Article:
Staff Reporter
THE local cruise sector yesterday expressed its concern at the news that Spain is planning to refuse entry to cruise ships that have docked at the disputed British colony of Gibraltar.

Britain has said that the ban was “unacceptable” and demanded an end to it immediately. “We regard the disruption of the cruise ships as completely unacceptable,” British Foreign Secretary Jack Straw said at a joint news conference with his Spanish counterpart, Miguel Angel Moratinos, yesterday. “The solution is for the disruption to end,” he added.
The cruise ship dispute began late last month when the Spanish port of Barcelona turned away a Norwegian cruise liner after it had arrived from Gibraltar, citing European Union regulations.

Other Spanish ports have since adopted the ban. Gibraltar says the ban is an attempt by Spain's new Socialist government to strangle the colony's economy as part of a long-running spat over its sovereignty.

So far, no cruise ships have been turned away from Palma, which has been building up its cruise traffic over the past few years.
Short cruises, which take in both Palma and Gibraltar as well as other popular Mediterranean ports, have proved to be so popular that some operators now base their ships in Palma.

The ban will mean that the city will not welcome some of her most prestigious visitors such as the Queen Mary, but the good news is that the QE2 will still be arriving as scheduled on May 29.

Spain ceded the Rock at its southern tip to Britain in 1713, but has been trying to get it back ever since.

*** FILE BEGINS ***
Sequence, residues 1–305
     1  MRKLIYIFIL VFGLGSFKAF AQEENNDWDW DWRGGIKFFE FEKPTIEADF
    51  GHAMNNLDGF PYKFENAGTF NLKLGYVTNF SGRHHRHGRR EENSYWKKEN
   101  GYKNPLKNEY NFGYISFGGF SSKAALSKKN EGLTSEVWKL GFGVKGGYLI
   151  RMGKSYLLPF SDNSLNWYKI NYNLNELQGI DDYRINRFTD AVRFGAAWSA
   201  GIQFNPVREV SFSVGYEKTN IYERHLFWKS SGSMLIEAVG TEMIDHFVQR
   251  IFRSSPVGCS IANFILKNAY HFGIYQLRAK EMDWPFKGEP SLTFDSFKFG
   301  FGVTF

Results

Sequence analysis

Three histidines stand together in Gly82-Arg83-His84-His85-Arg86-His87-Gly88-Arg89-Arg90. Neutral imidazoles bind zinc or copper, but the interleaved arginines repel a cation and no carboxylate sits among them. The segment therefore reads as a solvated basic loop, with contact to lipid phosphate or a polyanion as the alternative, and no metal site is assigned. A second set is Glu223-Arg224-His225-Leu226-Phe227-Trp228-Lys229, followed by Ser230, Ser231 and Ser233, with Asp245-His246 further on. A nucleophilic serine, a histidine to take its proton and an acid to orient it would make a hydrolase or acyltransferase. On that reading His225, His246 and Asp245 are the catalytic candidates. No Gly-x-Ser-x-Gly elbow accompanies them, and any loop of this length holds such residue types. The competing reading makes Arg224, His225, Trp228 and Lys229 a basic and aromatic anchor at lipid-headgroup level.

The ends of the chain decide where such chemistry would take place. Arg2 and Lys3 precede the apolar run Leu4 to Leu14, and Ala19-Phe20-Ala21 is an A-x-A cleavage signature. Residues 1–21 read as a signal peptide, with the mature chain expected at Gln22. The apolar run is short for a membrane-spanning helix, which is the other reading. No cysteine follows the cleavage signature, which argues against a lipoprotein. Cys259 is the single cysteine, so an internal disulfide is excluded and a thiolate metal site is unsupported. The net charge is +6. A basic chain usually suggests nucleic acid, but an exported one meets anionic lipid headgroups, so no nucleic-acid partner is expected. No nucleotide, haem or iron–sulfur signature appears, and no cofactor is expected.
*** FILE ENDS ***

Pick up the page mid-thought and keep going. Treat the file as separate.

Gibraltar remains a sore point in relations between the two EU members.
The shock election of Socialist Prime Minister Jose Luis Rodriguez Zapatero in March robbed Blair of a staunch EU ally over the Iraq war and immediately tested relations between London and Madrid as Zapatero withdrew Spanish troops from Iraq.

Moratinos said he hoped the cruise ship dispute would end soon but he failed to offer a solution.
Nor had Moratinos secured any date for a resumption of stalled talks on Gibraltar. “There is no formal date for the start of formal talks,” he said.
Straw said Britain's position on Gibraltar remained that there could be no change in sovereignty without the consent of the colony's people, who overwhelmingly voted to stay British in a November 2002 referendum that Spain dismissed as illegal.

Despite the Gibraltar spat, Straw and Moratinos said bilateral relations were excellent following talks that covered Iraq, the Middle East peace process and the EU constitution.

Despite Spain's military withdrawal from Iraq, Moratinos said Spain would adopt a “constructive attitude” to agreeing a new United Nations resolution for Iraq.

On an EU constitution, Moratinos said Britain and Spain “had reached almost total agreement” with only some minor differences on the extent of qualified majority voting.

Spain's previous centre-right Popular Party government, together with Poland, blocked in December a deal on the EU charter which threatened to decrease their voting rights. EU leaders now hope to tie up the treaty at a summit in June.

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